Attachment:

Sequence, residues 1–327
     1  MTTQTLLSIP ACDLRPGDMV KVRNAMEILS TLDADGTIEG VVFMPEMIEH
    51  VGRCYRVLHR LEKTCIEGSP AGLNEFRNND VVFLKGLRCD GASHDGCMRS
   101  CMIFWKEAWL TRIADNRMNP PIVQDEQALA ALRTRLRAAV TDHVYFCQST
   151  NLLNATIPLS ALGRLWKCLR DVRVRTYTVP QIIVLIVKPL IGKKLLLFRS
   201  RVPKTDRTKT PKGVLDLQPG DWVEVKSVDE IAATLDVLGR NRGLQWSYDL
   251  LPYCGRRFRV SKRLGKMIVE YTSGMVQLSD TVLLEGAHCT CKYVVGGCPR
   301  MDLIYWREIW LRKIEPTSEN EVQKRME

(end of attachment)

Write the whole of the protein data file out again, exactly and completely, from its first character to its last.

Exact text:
Sequence, residues 1–327
     1  MTTQTLLSIP ACDLRPGDMV KVRNAMEILS TLDADGTIEG VVFMPEMIEH
    51  VGRCYRVLHR LEKTCIEGSP AGLNEFRNND VVFLKGLRCD GASHDGCMRS
   101  CMIFWKEAWL TRIADNRMNP PIVQDEQALA ALRTRLRAAV TDHVYFCQST
   151  NLLNATIPLS ALGRLWKCLR DVRVRTYTVP QIIVLIVKPL IGKKLLLFRS
   201  RVPKTDRTKT PKGVLDLQPG DWVEVKSVDE IAATLDVLGR NRGLQWSYDL
   251  LPYCGRRFRV SKRLGKMIVE YTSGMVQLSD TVLLEGAHCT CKYVVGGCPR
   301  MDLIYWREIW LRKIEPTSEN EVQKRME